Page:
Key card readers installed in Towers residence halls


card readers
Key card scanners are located at the elevator doors around the Towers residence halls for students to swipe in.

In Summer 2017, Central Michigan University implemented a multi-year plan to install key card readers on residence hall doors.

“CMU is always looking to make improvements for our students and this new security measure helps to promote a safer campus,” said Jonathan Webb, associate vice president of Facilities Management. 

The electronic access controls have been added to the Towers Residence Halls as part of a collaborative effort among the CMU Police Department, Residence Life, Facilities Management and the Office of Information Technology. Readers will be installed in one residential community every summer. 

Electronic access controls have been placed along the outside of stairways and elevators in the Towers. Students must enter through Kulhavi Hall and Kessler Hall doors between the hours of 10 p.m and 7 a.m. 

This new security system requires Central Card access, meaning residents must carry their CMU ID at all times. 

“We chose the Towers because it is our largest residential community,” said Kathleen Gardner, director of Residence Life.

If a student opens any other door after 10 p.m, an alarm will sound, notifying nearby residents and staff that a door has been opened. 

Though these card readers are a small adjustment, the changes have had a huge impact on students, said Brandice Wheatley, a Wheeler Hall Resident Assistant. She believes the new system adds to the hassle of signing a student in.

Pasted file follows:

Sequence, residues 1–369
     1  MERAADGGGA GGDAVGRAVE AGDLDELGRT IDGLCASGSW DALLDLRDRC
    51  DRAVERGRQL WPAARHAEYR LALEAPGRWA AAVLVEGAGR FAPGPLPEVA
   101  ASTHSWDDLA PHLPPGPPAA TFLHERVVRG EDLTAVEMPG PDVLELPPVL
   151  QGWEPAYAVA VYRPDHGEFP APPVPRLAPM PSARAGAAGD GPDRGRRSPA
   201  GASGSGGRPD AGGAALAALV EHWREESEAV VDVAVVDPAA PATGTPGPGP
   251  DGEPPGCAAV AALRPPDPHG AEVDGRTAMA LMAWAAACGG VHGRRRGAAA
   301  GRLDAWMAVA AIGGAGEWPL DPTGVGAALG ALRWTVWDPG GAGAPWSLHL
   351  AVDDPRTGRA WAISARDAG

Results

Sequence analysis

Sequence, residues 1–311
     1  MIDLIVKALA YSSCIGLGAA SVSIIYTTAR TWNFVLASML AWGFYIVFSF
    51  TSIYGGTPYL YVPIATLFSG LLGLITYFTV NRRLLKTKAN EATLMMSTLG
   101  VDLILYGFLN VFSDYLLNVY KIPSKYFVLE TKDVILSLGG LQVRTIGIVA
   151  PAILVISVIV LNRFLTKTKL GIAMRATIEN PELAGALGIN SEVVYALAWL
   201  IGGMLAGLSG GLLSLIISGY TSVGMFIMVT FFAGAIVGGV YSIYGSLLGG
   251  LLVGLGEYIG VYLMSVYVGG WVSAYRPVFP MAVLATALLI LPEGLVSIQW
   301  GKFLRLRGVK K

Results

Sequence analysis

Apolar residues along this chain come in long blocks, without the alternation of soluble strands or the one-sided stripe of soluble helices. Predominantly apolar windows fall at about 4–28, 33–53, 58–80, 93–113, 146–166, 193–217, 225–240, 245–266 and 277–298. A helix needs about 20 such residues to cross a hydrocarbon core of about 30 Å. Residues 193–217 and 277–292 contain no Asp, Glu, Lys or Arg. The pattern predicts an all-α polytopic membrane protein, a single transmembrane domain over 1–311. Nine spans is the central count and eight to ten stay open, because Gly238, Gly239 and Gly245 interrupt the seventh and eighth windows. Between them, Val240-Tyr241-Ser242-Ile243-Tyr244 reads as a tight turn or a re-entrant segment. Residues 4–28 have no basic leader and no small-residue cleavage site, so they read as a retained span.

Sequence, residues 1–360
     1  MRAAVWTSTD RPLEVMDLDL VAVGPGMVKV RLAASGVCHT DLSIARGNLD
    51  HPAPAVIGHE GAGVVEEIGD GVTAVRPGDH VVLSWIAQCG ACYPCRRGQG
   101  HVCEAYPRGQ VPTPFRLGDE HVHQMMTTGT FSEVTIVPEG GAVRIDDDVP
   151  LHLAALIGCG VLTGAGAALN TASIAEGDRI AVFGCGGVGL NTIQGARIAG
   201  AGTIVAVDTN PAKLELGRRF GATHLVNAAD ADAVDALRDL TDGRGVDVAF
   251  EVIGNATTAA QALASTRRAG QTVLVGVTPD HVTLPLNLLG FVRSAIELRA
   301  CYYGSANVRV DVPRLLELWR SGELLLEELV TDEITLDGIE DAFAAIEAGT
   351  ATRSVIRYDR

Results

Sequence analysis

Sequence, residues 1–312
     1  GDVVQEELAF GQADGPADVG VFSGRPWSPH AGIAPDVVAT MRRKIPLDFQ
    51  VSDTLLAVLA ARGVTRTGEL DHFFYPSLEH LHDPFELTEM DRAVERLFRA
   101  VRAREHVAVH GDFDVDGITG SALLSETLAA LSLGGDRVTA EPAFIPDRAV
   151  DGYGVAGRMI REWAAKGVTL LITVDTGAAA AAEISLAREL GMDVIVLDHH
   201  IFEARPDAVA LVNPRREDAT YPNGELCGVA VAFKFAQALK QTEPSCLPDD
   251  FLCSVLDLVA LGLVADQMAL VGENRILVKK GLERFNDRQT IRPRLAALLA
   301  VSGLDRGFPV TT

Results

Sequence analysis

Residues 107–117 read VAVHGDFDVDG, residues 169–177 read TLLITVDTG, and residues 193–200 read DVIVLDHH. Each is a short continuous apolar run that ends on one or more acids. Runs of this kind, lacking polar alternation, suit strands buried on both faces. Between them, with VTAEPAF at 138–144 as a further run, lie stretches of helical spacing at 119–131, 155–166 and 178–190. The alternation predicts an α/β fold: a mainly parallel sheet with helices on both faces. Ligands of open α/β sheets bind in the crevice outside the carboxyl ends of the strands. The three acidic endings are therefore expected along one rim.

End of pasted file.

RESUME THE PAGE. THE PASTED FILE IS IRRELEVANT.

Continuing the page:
“I think it’s an extra step I shouldn’t have to take (having to swipe in),” the Chicago junior said. “If I’m an RA and someone needs a key-in and I leave my ID in my RHD’s office, then I have to run back and get my ID because I can’t get on the elevator to do the key-in.”

The electronic access implemented in the Towers is not the first CMU has seen. It emulates the system used in Graduate Housing apartments, but with heavier restrictions like the elevator and door alarms. 

In addition to residence halls, many classrooms have had emergency locks installed. The controls allow for anyone to exit, however, entrance is denied with a red indicator signaling the locks function.

The Towers has undergone Phase I of construction and will undergo Phase II this summer. More interior access controls will be placed in residence communities across campus. Access controls will be added to the exterior and interior doors of halls. 

Lt. Mike Sienkiewicz of the CMUPD noted the importance of safety. 

“CMUPD’s priority is keeping people safe,” Sienkiewicz said. “The addition of access control technology adds an additional layer of security in keeping the residential areas safe and secure for residents and their guests.

Safety comes with an inconvenience for some, but we feel this project strikes a good balance between safety and maintaining a sense of community for the residents in these areas.” 

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